The raw range rating is the combination of the two +/- values scaled to 162 games (1458 innings), yielding a total net plays above/below average.  This is then converted to a raw range rating between 0 (K range) and 10 (A range).

Because there is a wide range of difficulty between defensive plays it is easier for players who log lower amounts of playing time to do well simply by avoiding the tougher plays.  Therefore the raw range rating is subject to playing time adjustments which I have discussed previously.  I’ll simply summarize this adjustment by saying that the less innings a player logs in the field the more difficult it is for that player to achieve a high range rating.

New Bonus System

The playing time adjustment has an unfortunate side-effect of punishing utility players who do not log a lot of innings at any specific position, so I’ve tried to come up with bonuses to help these players.  Previous years used a rather simplistic system (which is detailed at the end of the post referenced above), but for 2011 I’ve implemented a new bonus system which works much better.

The range bonus is added to the PT adjusted range and is calculated using the following formula:

innings @ similar position / 1080 * ( unadjusted range @ similar position – PT adjusted range )

The bonus cannot result in a range higher than the unadjusted range (e.g. if unadjusted range is 5, adjusted is 2, and the bonus is 4, the resulting range is still 5).  The “similar positions” used for the bonus are:

pos     similar
---     --------
1b      2b,3b,ss
2b      3b,ss
3b      2b,ss
ss      2b,3b
lf      cf,rf
cf      lf,rf
rf      lf,cf

(for ss & cf the range at the similar position is required to be at least 3 grades higher in order to result in a bonus)

Example using Jerry Hairston:

uRg = unadjusted range, aRg = PT adjusted range

pos inn uRg aRg bonus final
ss  490   8   8     0     8
2b  381   8   7   0.5     8
3b   19  10   2   4.8     7

At 2b, Hairston’s bonus is:

490 inn @ ss / 1080 * ( 8 - 7 ) + 19 inn @ 3b / 1080 * ( 10 - 7 )
( 0.45 ) + ( 0.05 ) = 0.5

resulting in a final range rating of 8 (C range).

At 3b, Hairston’s bonus is:

490 inn @ ss / 1080 * ( 8 - 2 ) + 381 inn @ 2b / 1080 * ( 8 - 2 )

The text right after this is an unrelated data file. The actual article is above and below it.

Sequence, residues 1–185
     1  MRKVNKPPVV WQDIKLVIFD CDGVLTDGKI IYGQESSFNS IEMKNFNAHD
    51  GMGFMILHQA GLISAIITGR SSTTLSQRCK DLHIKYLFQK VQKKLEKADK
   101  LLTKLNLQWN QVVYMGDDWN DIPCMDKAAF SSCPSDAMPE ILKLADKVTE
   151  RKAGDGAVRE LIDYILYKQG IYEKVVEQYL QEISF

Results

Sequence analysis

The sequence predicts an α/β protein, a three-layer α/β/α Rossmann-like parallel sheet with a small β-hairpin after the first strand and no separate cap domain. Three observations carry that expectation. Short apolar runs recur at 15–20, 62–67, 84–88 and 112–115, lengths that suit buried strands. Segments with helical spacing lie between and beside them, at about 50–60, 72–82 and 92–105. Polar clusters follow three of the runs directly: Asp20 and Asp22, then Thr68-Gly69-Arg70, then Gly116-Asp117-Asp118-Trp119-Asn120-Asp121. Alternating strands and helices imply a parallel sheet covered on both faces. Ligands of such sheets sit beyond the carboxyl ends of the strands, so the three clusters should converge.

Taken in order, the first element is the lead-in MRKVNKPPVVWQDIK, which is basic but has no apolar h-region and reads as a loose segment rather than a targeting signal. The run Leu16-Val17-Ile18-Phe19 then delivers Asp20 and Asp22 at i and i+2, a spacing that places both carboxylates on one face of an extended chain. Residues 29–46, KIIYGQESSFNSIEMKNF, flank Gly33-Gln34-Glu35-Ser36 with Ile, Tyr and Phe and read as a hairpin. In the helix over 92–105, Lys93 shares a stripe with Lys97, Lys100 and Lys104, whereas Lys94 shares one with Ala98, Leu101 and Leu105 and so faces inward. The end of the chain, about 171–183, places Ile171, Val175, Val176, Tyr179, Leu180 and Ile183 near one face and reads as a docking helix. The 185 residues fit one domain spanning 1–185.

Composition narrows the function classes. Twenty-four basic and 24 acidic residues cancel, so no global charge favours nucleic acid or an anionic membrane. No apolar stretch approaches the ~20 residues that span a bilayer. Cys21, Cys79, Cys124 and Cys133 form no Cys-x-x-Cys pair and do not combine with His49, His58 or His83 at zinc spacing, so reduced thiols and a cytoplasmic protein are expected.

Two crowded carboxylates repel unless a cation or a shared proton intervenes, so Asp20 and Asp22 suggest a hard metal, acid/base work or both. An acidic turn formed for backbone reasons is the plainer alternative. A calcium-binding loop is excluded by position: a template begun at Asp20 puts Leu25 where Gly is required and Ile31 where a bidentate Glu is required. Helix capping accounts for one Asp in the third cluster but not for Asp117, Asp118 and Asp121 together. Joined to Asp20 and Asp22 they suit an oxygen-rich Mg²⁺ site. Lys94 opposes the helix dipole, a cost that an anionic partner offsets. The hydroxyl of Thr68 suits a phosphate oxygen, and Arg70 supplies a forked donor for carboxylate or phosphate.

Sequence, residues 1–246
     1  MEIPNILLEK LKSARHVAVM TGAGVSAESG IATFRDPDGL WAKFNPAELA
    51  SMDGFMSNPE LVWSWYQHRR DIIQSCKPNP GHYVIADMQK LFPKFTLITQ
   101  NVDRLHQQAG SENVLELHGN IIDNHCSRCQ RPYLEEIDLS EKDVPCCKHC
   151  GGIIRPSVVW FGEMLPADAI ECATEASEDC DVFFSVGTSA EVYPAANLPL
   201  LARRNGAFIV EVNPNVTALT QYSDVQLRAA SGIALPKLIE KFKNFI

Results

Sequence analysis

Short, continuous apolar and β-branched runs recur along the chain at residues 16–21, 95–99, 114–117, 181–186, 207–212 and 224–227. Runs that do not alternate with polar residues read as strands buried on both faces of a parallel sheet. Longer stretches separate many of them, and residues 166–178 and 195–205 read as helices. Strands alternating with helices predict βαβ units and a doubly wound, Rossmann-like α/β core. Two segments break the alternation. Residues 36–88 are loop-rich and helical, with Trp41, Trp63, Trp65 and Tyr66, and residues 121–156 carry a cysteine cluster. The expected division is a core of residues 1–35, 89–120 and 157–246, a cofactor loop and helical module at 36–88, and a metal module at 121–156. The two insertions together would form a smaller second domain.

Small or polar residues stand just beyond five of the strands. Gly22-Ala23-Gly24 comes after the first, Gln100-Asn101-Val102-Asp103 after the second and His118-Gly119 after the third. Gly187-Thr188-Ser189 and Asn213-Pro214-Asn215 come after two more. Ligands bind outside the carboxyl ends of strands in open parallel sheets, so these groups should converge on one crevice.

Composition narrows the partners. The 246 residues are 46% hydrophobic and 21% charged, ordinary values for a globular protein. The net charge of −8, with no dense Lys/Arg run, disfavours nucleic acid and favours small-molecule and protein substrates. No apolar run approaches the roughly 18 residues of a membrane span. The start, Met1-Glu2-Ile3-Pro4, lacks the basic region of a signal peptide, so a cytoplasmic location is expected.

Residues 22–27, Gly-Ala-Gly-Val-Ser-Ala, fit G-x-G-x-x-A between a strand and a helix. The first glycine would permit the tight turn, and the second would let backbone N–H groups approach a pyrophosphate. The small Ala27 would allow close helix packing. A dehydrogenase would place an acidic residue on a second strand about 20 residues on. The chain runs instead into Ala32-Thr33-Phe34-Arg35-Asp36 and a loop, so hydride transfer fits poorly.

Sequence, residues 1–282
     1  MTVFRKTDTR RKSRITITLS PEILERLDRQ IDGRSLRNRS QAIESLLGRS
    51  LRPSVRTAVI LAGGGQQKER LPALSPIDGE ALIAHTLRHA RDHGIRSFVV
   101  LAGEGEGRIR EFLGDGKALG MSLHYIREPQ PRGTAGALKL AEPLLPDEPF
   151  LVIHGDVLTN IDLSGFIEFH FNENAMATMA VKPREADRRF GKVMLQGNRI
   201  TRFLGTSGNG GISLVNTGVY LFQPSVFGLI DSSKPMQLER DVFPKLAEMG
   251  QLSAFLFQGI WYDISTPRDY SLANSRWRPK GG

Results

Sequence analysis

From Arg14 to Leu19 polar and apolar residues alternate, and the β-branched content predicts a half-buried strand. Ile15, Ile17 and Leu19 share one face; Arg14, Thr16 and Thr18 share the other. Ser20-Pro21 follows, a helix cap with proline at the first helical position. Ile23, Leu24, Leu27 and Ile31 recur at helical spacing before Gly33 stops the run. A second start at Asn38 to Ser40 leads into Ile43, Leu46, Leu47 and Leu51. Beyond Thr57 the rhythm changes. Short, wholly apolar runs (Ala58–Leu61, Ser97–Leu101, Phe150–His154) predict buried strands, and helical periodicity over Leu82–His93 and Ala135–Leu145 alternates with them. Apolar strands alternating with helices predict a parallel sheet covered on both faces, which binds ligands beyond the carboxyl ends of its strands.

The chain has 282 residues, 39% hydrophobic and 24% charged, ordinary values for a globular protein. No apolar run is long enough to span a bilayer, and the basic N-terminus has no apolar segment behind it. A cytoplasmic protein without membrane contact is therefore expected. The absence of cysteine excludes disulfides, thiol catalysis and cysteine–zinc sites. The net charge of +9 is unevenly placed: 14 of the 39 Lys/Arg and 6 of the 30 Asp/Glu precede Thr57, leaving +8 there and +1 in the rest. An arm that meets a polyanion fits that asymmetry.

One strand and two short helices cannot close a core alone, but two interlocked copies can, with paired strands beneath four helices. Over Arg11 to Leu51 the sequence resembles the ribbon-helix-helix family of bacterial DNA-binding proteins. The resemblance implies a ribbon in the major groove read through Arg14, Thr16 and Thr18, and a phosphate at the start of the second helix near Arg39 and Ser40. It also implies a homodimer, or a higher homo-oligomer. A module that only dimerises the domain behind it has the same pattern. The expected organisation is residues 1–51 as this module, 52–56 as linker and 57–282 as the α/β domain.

( 2.72 ) + ( 2.12 ) = 4.8

resulting in a final range rating of 7 (D range).

3 comments to mapping defensive range

  • Mike Neff

    Love the work Sean, but it made me wonder whether some of the range adjustments should be weighted based on position. In the your example above using Alexi Ramirez, the 3b and pitcher probably have a higher chance of stealing an opportunity from Ramirez than a 2b does. You could argue that half of the balls the pitcher fields are missed opportunities for the ss, where as less than 25% of the 2b chances would be an opportunity for the ss. I’m curious to your take on this. Oh, and thanks for all the awesome work and information that you provide.


    • You bring up a good point. The adjustment that we’re talking about is essentially a crude attempt to account for the fact that one guy’s OOZ play could be another guy’s routine RZR play. However, I’m not sure how you come up with accurate weighting values without more detailed location data, and unfortunately we don’t get that from Retrosheet (if we did then we wouldn’t need OOZ/RZR in the first place). I also think there’s so much noise in the data to begin with that it’s always going to be difficult to know whether your change is making things “better” or “worse”. Generally the way I end up tweaking this stuff is when there’s an easily identifiable counter-intuitive outlier case (i.e. some guy who is generally an excellent/poor fielder getting a “wtf” rating) but I think the existing system does a pretty good job of preventing those.

  • […] (0.656 * 146 + (0.352 + 0.175) * 139 + 0.550 * 223) / (146 + 139 + 223) = 0.574 Then standard rules are then applied for playing time adjustments.  Since we are using aggregated data there is no need for a complicated bonus system. […]